HR professionals who have a good understanding of the incentives on offer in the market will be able to beat the talent poachers at their own game, says Mike Roddy, Director of Client Engagement and Talent Solutions at global recruitment
HR professionals should be aware of the various enticements on offer so they can better understand what might tempt their employees to succumb to a head-hunter, Roddy says.
“There are many incentives head-hunters offer, but it ultimately depends on what is important to the employee,” Roddy told HC Online.
“Prevalent incentives include tenure bonuses as well as financial reward for successful project completion,” he says.
Roddy says employers who offer flexible working arrangements are also in high demand by many employees, who may want to balance their professional and personal lives.
“Workplace flexibility is also a very popular and sought after option today,” Roddy says.
“The ability, where practical, to work in part remotely has become increasingly popular over the last few years with the advent of technological support.”
Cutting the bureaucratic red tape from the workplace environment may be another way to inspire and engage professional staff, Roddy says.
“Interestingly, the removal or support of bureaucratic functions to take the tedious nature out of white collar professional roles was recently highlighted to me as an incentive to retain some very talented workers,” he told HC Online.
Employers can also show staff that they value their health and wellbeing by encouraging them to participate in workplace wellness programs, Roddy says.
“Traditional lifestyle programs such as gym memberships or support for an individual’s chosen charity (through days off or financial contribution) are still popular,” he says.
Roddy says one of the most practical and enticing incentives employer should consider is investment in their staff’s continuing education.
“Investment in further tertiary learning, regardless of the age or profession, is still an attractive option to many people,” he says.
HR can also consider engaging a life coach for employees to access, as studies show that employees who take advantage of company coaching programs not only see improvements in their personal lives, but in their professional ones, as well.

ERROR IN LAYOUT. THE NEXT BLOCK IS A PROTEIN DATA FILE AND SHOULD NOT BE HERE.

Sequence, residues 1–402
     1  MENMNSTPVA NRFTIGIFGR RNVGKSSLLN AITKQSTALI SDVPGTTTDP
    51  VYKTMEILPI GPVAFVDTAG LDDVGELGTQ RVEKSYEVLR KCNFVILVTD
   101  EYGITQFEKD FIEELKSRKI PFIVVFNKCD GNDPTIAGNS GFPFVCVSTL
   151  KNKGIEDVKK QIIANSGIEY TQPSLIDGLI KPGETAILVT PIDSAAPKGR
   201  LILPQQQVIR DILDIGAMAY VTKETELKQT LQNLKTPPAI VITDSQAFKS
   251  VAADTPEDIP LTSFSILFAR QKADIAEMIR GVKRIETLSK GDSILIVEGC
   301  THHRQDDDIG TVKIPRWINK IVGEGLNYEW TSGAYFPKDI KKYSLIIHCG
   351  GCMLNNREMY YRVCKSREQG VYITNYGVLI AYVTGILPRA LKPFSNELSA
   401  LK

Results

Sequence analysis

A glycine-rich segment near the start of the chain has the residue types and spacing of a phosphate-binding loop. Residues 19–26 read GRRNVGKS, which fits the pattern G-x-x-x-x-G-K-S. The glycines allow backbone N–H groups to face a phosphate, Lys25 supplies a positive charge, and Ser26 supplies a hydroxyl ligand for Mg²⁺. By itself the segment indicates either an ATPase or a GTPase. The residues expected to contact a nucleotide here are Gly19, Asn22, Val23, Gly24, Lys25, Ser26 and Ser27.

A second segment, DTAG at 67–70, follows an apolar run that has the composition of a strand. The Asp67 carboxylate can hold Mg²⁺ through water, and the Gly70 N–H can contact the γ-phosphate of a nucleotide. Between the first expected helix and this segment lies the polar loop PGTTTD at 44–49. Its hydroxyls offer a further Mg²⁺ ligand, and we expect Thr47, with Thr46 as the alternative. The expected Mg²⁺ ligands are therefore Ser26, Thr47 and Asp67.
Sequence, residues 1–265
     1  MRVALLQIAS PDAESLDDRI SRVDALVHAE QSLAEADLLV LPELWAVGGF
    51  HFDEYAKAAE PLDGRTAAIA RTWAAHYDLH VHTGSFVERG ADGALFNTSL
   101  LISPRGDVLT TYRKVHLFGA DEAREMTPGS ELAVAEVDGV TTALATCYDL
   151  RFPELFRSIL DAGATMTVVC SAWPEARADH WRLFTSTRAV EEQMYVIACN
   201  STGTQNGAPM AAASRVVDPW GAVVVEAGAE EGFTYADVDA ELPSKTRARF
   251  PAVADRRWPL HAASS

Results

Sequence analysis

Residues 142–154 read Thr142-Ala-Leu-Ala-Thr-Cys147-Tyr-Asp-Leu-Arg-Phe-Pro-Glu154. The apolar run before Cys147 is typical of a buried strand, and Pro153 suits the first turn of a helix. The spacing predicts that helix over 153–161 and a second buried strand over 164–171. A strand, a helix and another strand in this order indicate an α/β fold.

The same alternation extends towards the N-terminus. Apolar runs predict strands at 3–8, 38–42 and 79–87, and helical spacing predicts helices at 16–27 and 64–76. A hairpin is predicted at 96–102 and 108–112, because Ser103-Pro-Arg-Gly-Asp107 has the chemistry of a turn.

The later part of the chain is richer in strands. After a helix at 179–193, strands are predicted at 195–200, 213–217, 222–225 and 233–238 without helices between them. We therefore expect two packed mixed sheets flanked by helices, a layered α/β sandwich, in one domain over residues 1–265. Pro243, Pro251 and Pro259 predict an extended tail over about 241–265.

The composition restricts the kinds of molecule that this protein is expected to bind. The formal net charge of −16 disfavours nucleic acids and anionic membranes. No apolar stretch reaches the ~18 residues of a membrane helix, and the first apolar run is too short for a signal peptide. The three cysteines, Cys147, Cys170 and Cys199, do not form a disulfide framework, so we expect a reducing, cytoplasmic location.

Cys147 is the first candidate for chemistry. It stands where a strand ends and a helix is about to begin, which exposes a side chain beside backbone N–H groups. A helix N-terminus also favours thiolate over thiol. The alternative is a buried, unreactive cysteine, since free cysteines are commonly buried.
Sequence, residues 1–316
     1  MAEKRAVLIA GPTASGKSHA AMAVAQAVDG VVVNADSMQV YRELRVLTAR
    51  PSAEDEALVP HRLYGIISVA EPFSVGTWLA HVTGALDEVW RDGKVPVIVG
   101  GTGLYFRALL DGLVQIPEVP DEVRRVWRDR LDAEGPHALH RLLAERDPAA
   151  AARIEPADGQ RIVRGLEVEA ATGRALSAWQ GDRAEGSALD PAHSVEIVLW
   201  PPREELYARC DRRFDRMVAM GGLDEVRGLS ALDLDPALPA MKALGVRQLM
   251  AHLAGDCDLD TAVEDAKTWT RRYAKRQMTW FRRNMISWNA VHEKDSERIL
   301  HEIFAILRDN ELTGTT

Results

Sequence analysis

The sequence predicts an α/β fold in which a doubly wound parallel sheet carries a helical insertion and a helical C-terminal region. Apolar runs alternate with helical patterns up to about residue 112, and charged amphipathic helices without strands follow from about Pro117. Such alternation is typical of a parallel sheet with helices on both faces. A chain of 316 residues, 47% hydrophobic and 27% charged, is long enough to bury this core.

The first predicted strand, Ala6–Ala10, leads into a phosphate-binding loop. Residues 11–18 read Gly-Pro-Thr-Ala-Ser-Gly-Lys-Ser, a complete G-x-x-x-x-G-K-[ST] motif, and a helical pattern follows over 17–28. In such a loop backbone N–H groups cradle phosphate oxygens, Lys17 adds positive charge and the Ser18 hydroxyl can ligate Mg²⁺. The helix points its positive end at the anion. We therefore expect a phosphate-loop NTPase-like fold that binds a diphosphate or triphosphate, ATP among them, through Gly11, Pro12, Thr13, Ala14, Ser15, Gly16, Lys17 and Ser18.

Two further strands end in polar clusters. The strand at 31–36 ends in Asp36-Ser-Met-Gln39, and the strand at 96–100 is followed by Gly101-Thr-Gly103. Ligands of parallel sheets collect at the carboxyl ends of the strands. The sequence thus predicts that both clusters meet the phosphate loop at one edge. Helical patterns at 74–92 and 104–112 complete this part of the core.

Organisational coaching programs have been shown to boost employee retention
and engagement as well as overcome productivity and performance issues.
“Facilitation of a life coach is another interesting option, as many people value having a professional steer them through life's challenges such as financial guidance, work life balance etc.,” Roddy says.
He says a common factor that often gets overlooked is open and direct communication about being part of the business growth strategy and the role the individual can play.
“People want to be involved and contribute to the bigger picture, giving them the opportunity to do so is invaluable,” Roddy says.
“Traditional HR applications such as the assignment of a mentor and well executed recognition schemes are always well received,” he says.
HR can take steps to individualise staff incentives and rewards programs, to give employees what they really want, instead of a generic one-size-fits-all scheme, Roddy says.
“By way of an example, instead of providing a bottle or 2 of wine or movie tickets, why not a dinner for 2 at a celebrated restaurant or a subscription to the individual’s favourite hobby?”
“If I was given a year’s subscription to Runner's World, you would win me,” Roddy says.
However, he reminds HR professionals that employees need to be rewarded for behaviours that are in-line with organisational values.
“It is critical we incentivise for the right behaviours and outcomes though, which is why HR functions reside with all management and not solely the domain of the HR department.”
As the demand for skilled workers heats up, your high quality staff may find themselves approached with incentives by head hunters.